Always in the unlikeliest of places, there was Mr. Winter at the Women’s All-American, wearing a tattered surgical mask and holding a clipboard.
“I volunteered to organize as an excuse to watch my daughter play,” he told me. I was shocked to realize that his daughter was one of the women I’d played with in the women’s league for years.
He followed me out on the ice. Ice prep had finished, but everyone was still inside chatting. I couldn’t tell you why I went out on the ice, pretty much directly, saying hello to only one or two of the women.
I stood there looking at the ice.
Mr. Winter said, “Well? Cool your slider! The ice is good this year.”
I obeyed, rubbing my room-temperature sliding shoe against the ice in an out-of-play zone, so that if it melted the ice, it wouldn’t affect play—just another feature of curling courtesy.
“Well? Take a practice slide!”
I looked at him, aghast. “But I haven’t even warmed up—without a rock—?”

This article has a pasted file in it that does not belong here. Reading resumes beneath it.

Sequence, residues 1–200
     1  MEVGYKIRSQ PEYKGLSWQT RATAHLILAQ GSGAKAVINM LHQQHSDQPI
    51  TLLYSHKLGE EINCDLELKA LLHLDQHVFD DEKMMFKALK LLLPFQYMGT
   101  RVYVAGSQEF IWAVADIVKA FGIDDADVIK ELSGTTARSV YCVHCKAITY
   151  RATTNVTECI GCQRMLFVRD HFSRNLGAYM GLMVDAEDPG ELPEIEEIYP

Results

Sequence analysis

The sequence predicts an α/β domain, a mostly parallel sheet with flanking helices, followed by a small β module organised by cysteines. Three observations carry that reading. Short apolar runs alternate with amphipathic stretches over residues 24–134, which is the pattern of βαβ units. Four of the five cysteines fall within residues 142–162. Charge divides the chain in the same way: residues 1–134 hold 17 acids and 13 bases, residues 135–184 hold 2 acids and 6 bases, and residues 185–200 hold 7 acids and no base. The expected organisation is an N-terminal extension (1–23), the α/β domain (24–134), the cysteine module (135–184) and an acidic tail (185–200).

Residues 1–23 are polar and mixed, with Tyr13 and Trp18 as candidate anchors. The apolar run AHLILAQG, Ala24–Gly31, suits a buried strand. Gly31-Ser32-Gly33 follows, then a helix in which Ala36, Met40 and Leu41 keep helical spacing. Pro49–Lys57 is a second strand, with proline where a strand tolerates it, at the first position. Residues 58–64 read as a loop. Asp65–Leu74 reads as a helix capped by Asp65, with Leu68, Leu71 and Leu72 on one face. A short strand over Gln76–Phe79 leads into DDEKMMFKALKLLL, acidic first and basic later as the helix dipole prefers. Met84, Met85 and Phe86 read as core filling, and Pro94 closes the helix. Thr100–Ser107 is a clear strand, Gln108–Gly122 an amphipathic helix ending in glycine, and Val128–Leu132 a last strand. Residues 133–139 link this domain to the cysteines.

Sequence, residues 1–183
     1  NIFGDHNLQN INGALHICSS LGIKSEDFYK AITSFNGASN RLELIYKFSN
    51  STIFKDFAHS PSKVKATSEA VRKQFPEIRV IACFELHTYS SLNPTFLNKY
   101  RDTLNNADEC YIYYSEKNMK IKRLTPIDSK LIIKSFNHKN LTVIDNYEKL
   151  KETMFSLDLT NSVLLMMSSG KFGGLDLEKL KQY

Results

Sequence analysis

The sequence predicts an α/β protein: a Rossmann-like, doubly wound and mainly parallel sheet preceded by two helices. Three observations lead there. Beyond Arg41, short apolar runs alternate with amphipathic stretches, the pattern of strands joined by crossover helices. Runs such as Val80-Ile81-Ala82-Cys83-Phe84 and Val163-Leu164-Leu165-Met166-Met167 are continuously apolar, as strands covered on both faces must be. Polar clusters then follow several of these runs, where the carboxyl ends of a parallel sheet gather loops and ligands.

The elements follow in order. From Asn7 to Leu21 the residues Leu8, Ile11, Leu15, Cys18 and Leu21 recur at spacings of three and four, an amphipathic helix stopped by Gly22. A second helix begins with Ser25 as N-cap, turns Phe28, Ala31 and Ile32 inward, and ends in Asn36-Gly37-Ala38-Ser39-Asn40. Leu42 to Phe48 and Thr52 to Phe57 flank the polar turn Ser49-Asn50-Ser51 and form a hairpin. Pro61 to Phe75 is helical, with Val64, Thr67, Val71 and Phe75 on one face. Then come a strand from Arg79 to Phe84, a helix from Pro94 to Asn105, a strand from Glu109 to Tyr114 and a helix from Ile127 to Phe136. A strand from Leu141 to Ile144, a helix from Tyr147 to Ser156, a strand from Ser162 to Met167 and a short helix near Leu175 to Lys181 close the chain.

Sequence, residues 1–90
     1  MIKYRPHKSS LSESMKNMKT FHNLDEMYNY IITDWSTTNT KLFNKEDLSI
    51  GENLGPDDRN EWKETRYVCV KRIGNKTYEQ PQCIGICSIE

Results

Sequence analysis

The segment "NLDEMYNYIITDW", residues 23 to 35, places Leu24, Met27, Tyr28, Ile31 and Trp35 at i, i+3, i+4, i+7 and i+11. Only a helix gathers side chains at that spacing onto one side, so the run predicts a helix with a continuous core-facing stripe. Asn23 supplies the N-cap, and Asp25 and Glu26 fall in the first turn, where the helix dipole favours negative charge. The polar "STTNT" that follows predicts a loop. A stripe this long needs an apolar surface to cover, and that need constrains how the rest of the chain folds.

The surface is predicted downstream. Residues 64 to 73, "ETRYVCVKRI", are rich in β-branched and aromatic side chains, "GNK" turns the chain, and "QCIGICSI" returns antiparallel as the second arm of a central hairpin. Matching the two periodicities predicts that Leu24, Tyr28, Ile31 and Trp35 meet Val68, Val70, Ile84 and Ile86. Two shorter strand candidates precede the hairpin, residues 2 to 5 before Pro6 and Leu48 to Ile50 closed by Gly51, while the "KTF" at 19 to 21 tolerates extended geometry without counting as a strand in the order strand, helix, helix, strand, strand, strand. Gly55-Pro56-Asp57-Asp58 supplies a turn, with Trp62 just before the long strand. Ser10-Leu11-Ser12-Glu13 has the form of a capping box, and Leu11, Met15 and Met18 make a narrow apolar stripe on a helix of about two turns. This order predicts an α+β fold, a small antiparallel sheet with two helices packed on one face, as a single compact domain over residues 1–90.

He cut me off, “Come on. You know you can slide. You know you’ve still got it in you.”
I realized my broom was already in position in my hand, even though I hadn’t slid over to the hack yet.
“You’ve still got it,” he said again. “The Spirit of Curling.”
I didn’t think. I just slid. No rock, no stabilizer, no warm-up, no practice-practice slide, nothing. I got down in the hack and my broom barely touched the ice and I found myself in that familiar lunge again and there I was, sliding past the near hog line with my back toe straight and flat against the ice.
When I stood up and looked back, Mr. Winter had left the rink. I saw him on the other side of the observation window, checking in other players and making sure they’d signed their season waivers.
In retrospect, I wonder if I didn’t have the Spirit of Curling—if I’d lost it altogether in the long intervening months. I wonder if I just showed up that night at the curling club because I was asked to play, not because I necessarily wanted to. So much—about the world, about me—had changed; after the pandemic had taken and given so much. But perhaps that’s what a “Spirit” is: a something you don’t know, but somehow knows better than you. Or, perhaps, Spirit’s just belief—blind or otherwise—that you do know, even for a moment, all you need to know; or that all you know is enough.